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Wells Fargo Shareholders Want More


Wells Fargo (WFC) investors will look for cost cuts and higher mortgage banking revenues when the San Francisco-based financial giant reports third-quarter earnings before the market opens on Monday.

Analysts surveyed by Thomson Reuters are expecting Wells to earn 72 cents per share versus 60 cents in the third quarter of 2010 and 70 cents last quarter.

Wells Fargo will report third quarter earnings on Monday.
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"I'm expecting a big mortgage quarter from them," says Derek Pilecki, managing member at Gator Capital Management. Pilecki believes low interest rates has led to a surge in refinancing activity for Wells.

Eric Stoddard, a senior Wells Fargo mortgage executive, told TheStreet in a recent interview that Wells Fargo's mortgage business has been "growing along with the market." He would not be more specific, however, citing a "quiet period," ahead of the official earnings report.

While it won't show up in third quarter numbers, Wells will also likely get a lift in future quarters from Bank of America's (BAC) decision to exit the correspondent mortgage business, which involves acquiring mortgages from other lenders.

Wells Fargo earned over $2 billion in its mortgage business in the last quarter, a 19% drop from the first quarter. In the third quarter of 2010 it earned more than $3 billion in mortgage banking.

Pilecki also believes Wells Fargo's commercial lending business will show strength relative to peers.

"Wells is using the environment to try to grow commercial loans. With the securitization markets relatively shut down, Wells is trying to fill the void," he says.

Many analysts have expressed concerns about pressure on banks' net interest margins (NIMs), which reflect the difference between what banks' earn on loans they make and their cost of funds. When the difference between yields on two-year Treasuries and 30 year Treasuries is great, banks benefit because they can borrow at two and lend and thirty while pocketing the difference. Currently, however, there is very little difference between those yields, suggesting NIM should be razor thin.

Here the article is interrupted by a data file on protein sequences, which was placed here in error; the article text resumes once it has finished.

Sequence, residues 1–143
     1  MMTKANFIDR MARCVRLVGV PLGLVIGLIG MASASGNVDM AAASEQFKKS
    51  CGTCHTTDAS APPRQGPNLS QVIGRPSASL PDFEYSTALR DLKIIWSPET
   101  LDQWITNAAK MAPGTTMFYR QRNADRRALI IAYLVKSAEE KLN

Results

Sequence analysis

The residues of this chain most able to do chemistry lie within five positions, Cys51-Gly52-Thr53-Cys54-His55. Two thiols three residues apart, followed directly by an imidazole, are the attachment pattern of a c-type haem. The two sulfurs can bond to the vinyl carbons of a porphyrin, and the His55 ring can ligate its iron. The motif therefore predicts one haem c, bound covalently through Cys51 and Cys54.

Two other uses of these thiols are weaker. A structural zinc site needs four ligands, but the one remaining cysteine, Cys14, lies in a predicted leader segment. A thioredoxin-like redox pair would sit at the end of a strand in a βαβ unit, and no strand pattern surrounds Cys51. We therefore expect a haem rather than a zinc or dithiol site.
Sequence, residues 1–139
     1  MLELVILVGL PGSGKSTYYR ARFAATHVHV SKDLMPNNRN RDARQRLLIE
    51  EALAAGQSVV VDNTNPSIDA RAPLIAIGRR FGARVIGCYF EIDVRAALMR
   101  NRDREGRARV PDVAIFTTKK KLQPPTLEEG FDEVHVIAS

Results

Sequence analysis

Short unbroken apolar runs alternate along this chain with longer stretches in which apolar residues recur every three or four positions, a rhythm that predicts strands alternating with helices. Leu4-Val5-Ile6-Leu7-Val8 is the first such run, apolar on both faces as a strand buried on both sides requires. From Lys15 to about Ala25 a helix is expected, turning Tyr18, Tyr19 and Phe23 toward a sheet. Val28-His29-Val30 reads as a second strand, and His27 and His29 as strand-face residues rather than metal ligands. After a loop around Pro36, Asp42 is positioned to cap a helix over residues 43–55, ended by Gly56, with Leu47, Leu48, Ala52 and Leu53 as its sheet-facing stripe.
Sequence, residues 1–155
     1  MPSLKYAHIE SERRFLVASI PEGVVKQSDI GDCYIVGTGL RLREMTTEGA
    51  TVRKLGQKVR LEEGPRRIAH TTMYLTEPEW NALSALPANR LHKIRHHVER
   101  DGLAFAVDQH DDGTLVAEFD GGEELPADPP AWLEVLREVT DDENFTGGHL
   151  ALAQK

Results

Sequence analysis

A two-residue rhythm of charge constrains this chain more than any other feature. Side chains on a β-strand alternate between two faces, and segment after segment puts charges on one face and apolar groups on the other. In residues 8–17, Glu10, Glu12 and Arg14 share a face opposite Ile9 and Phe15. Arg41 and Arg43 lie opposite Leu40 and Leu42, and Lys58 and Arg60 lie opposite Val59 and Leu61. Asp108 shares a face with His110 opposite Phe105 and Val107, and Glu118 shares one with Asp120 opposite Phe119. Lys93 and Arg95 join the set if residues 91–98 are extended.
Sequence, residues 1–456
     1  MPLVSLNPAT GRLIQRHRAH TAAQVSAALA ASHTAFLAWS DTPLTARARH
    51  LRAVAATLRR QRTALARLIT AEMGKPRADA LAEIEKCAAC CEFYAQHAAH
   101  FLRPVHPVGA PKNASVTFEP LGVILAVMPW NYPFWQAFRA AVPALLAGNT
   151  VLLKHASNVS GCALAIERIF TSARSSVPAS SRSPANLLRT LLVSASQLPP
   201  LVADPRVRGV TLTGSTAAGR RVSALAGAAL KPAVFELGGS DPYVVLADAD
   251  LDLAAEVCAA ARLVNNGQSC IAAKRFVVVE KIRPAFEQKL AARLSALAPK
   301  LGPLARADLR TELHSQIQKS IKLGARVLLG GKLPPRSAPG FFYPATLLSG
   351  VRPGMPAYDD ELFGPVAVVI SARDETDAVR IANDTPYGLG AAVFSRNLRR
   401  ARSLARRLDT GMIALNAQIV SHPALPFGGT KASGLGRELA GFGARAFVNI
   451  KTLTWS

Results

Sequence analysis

Wells, however, has the widest net interest margin in banking, Pilecki says, as it is able to acquire deposits relatively cheaply while "they are competitive, but they never lead with price," when it comes to making loans.

Wells Fargo is the third most-popular bank stock among analysts out of the 18 banks in the S&P 500, behind only JPMorgan Chase (JPM) and PNC Financial (PNC), according to Bloomberg data. Out of the 33 analysts surveyed by Bloomberg who follow Wells Fargo, only one--David Ritter of Argus Research--has a "sell" rating on the name. A call to Ritter, who has not published any research on Wells Fargo since July, was not returned.

Despite the high praise Wells Fargo has garnered from analysts, Oppenheimer& Co.'s Chris Kotowski noted in an Oct. 9 report that Wells trades at a slightly lower price to earnings multiple than U.S. Bancorp (USB), leading Kotowski to prefer Wells.

He contends that Wells is cheaper than U.S. Bancorp because it has larger exposure to commercial real estate and home equity loans, "but as we feel that these portfolios are on the mend and unlikely to be affected by the stress in Europe, we think the discount will diminish over time," he wrote.

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